A Lopsided U.S. Visa-Waiver
By Yousef Munayer | reposted from the New York Times
It is said that naturalized United States citizens often have a greater appreciation of their adopted country than those born on American soil.
As a naturalized U.S. citizen who has traveled extensively, particularly across borders where the very notion of citizenship can be a contentious political idea, I have a deep appreciation for my navy blue passport.
After a recent trip, as I made my way from the plane through passport control in Newark’s Liberty Airport, I found myself awestruck.
“Welcome back,” said the immigration official, after scanning my passport, briefly glancing at a computer screen and letting me pass — a process that took about 30 seconds.
“That’s it?” I found myself thinking. I had only been gone three weeks and had already managed to forget what it felt like to have my rights as a citizen respected.
I’d just come back from traveling through Israel and the Palestinian territory it occupies. In that part of the world, one approaches immigration kiosks prepared for a lengthy wait, inspections and harassing questions (this is true even with Israeli citizenship, which I also hold). The very choice of which travel document to present is considered a political act. The languages I spoke (or didn’t speak), my religion and line of work were all variables that could extend the time I spent at the border crossing.
But back in the States, it didn’t matter to the man at the kiosk that I had a funny-sounding name. It didn’t matter what my religion or ethnicity was. It didn’t matter what my political opinions were. In a nation where citizenship is valued and discrimination is shunned, the re-entry process took only seconds. I was reminded of the tremendous value of my U.S. citizenship and the navy blue booklet I held in my hand.
I just wish Barbara Boxer would appreciate the value of U.S. citizenship as well. The senator is spearheading legislation that would dangerously devalue it.
The U.S.-Israel Strategic Partnership Act, backed by the pro-Israel lobbying group, the American Israel Public Affairs Committee, or Aipac, was introduced by Ms. Boxer and has 53 co-sponsors in the Senate. It legislates, for the first time, the inclusion of Israel in the U.S. visa-waiver program. This means that Israelis can enter the United States without a visa.
Israel has long sought this prized designation but has always faced resistance from the State Department because the program requires reciprocity. Israel has been known to routinely deny entry to American citizens, often Arabs or Muslims or others sympathetic to the Palestinian cause, under the usually bogus pretext of “security concerns.”
This discriminatory treatment of U.S. citizens prompted several members of Congress to write to Israel’s ambassador expressing concern that Israeli border officials were “disproportionately singling out, detaining and denying entry to Arab and Muslim Americans,” and requesting all Americans be “treated equally at Israeli ports of entry.”
Sandra Tamari’s case is one example. The 42-year-old U.S. citizen of Palestinian descent traveled to Israel in May of 2012 for an interfaith conference. Upon entry, she was required to provide her Gmail password to Israeli interrogators, who insisted on searching her personal account. After refusing to comply with this and other intrusive requests, she was denied entry and deported.
Numerous similar cases of U.S. citizens being asked for their e-mail and Facebook passwords prior to deportation have been reported. The case of Nour Joudah is another example. She was teaching English in a West Bank high school on a valid, multiple-entry work visa issued by Israel. When she attempted to re-enter Israel after traveling to Jordan for Christmas break, she was denied entry and deported.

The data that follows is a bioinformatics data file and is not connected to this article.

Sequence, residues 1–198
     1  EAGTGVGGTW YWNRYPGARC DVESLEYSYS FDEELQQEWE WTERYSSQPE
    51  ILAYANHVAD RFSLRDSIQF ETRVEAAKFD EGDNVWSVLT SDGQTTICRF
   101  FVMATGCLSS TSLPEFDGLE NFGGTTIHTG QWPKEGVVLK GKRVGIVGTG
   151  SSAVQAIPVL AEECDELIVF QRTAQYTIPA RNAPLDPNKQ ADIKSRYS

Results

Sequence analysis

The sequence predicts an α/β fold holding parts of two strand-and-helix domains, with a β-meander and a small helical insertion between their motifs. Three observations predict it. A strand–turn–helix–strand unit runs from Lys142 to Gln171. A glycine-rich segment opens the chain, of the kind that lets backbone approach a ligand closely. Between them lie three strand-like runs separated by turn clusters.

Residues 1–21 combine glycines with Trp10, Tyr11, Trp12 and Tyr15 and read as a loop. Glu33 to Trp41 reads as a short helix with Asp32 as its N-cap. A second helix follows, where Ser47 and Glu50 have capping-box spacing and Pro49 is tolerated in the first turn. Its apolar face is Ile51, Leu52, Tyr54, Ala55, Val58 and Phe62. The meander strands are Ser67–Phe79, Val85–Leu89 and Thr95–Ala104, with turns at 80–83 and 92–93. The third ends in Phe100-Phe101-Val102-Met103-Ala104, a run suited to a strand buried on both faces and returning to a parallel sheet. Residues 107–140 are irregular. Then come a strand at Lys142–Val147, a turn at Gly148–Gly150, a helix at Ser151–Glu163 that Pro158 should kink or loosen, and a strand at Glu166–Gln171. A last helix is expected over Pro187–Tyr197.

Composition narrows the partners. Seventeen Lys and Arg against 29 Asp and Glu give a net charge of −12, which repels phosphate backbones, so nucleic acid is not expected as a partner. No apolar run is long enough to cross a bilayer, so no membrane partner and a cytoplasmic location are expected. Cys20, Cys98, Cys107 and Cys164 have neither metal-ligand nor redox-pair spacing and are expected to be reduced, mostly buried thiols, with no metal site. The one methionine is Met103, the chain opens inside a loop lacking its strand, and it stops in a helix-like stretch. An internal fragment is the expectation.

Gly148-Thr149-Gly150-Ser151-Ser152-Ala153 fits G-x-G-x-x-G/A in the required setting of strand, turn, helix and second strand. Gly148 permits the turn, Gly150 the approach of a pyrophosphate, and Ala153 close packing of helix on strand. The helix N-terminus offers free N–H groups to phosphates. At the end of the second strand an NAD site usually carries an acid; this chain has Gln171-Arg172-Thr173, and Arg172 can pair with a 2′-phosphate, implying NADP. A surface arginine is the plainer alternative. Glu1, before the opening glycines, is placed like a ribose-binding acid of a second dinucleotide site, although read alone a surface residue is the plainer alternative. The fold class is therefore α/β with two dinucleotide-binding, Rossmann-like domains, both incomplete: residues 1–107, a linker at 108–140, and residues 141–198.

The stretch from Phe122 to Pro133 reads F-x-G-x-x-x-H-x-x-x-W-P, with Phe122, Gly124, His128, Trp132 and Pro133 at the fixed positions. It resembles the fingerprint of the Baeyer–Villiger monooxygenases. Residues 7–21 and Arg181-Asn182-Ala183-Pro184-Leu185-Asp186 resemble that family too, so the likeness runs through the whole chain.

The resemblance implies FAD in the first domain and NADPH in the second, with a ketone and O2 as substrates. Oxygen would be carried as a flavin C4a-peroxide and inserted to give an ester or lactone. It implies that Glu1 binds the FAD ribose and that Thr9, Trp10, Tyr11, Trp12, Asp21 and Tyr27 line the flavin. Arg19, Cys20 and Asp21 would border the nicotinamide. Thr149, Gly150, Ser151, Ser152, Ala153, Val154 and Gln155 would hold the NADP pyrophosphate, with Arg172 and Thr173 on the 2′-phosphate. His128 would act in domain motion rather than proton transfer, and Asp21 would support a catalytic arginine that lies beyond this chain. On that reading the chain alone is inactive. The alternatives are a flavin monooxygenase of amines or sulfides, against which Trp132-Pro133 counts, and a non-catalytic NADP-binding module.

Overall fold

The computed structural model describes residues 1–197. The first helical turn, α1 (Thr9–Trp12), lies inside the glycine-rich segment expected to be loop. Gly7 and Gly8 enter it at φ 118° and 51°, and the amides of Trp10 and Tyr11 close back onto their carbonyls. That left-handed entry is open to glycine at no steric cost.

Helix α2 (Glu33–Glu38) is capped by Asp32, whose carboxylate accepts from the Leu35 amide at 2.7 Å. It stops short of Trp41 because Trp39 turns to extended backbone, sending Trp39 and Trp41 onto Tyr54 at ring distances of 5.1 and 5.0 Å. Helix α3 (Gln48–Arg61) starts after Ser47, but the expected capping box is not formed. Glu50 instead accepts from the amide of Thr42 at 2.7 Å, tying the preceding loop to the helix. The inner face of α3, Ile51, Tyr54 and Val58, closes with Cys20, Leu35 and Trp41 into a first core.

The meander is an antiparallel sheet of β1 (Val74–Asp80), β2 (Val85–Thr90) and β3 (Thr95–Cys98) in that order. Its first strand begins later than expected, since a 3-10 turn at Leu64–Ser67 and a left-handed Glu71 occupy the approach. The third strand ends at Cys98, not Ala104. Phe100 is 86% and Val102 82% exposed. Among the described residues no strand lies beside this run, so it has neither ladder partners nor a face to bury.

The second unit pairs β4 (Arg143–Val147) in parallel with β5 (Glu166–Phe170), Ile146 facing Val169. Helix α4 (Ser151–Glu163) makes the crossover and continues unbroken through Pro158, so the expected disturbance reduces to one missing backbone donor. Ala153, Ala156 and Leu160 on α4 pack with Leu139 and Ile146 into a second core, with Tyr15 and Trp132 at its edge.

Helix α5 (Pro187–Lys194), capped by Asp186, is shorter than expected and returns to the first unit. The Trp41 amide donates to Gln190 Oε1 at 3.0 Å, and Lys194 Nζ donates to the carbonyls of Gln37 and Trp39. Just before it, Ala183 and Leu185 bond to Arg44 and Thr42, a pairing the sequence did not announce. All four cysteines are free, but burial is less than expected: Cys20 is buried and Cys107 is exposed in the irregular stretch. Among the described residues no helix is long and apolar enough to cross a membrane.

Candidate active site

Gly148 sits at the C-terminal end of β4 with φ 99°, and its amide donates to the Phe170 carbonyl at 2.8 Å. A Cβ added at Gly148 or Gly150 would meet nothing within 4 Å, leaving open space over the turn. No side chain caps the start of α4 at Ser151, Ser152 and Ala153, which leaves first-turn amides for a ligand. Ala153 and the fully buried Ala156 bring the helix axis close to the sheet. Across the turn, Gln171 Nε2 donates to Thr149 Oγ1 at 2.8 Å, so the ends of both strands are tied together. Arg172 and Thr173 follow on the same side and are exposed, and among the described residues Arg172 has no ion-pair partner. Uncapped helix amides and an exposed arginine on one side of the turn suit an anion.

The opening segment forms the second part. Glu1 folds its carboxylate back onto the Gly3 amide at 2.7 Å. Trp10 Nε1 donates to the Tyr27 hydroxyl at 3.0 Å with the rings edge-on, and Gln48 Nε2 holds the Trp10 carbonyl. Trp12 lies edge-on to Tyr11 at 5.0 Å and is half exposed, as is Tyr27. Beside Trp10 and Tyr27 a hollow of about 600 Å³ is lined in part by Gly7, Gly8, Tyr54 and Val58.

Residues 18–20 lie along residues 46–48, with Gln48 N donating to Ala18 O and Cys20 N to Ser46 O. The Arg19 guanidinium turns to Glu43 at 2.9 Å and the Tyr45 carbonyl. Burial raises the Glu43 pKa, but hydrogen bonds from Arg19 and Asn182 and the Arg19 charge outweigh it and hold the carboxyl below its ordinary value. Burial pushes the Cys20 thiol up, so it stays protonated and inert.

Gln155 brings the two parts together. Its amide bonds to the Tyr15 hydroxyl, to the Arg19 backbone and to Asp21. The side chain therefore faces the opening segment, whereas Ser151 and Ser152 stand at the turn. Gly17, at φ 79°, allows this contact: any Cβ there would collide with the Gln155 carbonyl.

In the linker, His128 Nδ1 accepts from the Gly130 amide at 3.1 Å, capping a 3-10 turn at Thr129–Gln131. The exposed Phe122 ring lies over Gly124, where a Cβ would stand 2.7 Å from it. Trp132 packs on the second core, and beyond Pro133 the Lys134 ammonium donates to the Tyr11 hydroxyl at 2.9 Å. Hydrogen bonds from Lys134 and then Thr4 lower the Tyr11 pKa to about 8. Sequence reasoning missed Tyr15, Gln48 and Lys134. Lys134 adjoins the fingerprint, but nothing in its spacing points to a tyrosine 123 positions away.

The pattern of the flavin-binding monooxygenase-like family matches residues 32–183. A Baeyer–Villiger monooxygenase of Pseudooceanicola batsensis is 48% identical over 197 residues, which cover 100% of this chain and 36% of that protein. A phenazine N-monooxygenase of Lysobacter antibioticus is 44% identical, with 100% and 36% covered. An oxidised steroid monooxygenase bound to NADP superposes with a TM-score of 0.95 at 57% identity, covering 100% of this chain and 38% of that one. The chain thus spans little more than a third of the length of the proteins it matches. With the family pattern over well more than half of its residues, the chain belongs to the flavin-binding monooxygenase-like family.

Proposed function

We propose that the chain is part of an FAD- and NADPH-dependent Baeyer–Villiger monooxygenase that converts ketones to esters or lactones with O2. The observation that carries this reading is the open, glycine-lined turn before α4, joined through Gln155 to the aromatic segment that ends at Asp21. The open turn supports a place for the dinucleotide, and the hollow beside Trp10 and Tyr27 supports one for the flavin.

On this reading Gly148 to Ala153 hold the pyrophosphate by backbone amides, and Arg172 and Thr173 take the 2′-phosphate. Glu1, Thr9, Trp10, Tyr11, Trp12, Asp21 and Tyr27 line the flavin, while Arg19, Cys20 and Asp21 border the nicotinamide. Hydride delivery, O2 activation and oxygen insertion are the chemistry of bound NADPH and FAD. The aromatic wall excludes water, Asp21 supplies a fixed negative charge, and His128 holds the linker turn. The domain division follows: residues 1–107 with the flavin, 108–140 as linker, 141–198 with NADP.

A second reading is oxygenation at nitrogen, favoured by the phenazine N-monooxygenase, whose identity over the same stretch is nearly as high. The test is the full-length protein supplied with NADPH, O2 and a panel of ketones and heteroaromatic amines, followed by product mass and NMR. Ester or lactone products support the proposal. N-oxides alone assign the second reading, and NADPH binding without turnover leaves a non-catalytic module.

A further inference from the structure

Senator Boxer’s legislation, versions of which might pass in both the House and Senate, would allow Israel an exemption to reciprocity. In other words, Israel would get to determine which American citizens it permits to enter.
As an Israeli citizen who is also a Palestinian, I know this problem all too well. I’ve witnessed firsthand the way Israel discriminates against its own non-Jewish citizens. I am routinely held up for questioning and inspection while watching Jewish Israelis zip by.
As an American citizen, I’m outraged that Senator Boxer and her colleagues are trying to pass a law that allows Israel to discriminate against U.S. citizens. All elected officials took an oath to defend the Constitution. By legalizing discrimination against U.S. citizens they will violate that oath in both word and spirit.
Even if the problematic language giving Israel an exception is removed from the bill, including Israel in the visa-waiver program at all means that Arab-and Muslim-Americans will have to rely on ill-equipped government agencies like the State Department to enforce reciprocity. And unfortunately, the State Department has been able to offer little assistance to U.S. citizens of Arab or Muslim origin who are denied entry to Israel, despite what our passports say about allowing Americans to “pass without delay or hindrance.” Instead, the U.S. government has regularly yielded to Israeli demands when it comes to the discriminatory treatment of Americans.
This is likely to continue. That means American citizens will continue to get turned away by Israel because of their ethnic background while the United States opens its doors to all Israelis.
This unequal treatment should not be permitted. Under no circumstances should the United States extend visa-waiver privileges to Israel, or any other state, unless it is willing to guarantee and demand equal treatment of its citizens and their protection from discrimination based on religion, ethnicity or national origin.
Yousef Munayyer is executive director of the Jerusalem Fund for Education and Community Development, a Palestinian advocacy group in Washington.